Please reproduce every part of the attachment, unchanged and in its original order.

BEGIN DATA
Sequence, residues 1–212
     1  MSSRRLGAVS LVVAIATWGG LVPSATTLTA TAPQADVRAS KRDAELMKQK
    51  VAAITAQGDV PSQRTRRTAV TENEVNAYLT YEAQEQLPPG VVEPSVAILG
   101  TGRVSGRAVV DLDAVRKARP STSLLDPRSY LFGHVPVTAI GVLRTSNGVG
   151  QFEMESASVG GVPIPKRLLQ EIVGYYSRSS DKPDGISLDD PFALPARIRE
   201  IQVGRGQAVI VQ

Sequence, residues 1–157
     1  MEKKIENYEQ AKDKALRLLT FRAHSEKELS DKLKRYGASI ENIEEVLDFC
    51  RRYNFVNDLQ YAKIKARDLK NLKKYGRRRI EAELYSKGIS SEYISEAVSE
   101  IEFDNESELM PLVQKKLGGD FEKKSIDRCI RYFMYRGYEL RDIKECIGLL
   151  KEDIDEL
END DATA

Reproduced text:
Sequence, residues 1–212
     1  MSSRRLGAVS LVVAIATWGG LVPSATTLTA TAPQADVRAS KRDAELMKQK
    51  VAAITAQGDV PSQRTRRTAV TENEVNAYLT YEAQEQLPPG VVEPSVAILG
   101  TGRVSGRAVV DLDAVRKARP STSLLDPRSY LFGHVPVTAI GVLRTSNGVG
   151  QFEMESASVG GVPIPKRLLQ EIVGYYSRSS DKPDGISLDD PFALPARIRE
   201  IQVGRGQAVI VQ

Sequence, residues 1–157
     1  MEKKIENYEQ AKDKALRLLT FRAHSEKELS DKLKRYGASI ENIEEVLDFC
    51  RRYNFVNDLQ YAKIKARDLK NLKKYGRRRI EAELYSKGIS SEYISEAVSE
   101  IEFDNESELM PLVQKKLGGD FEKKSIDRCI RYFMYRGYEL RDIKECIGLL
   151  KEDIDEL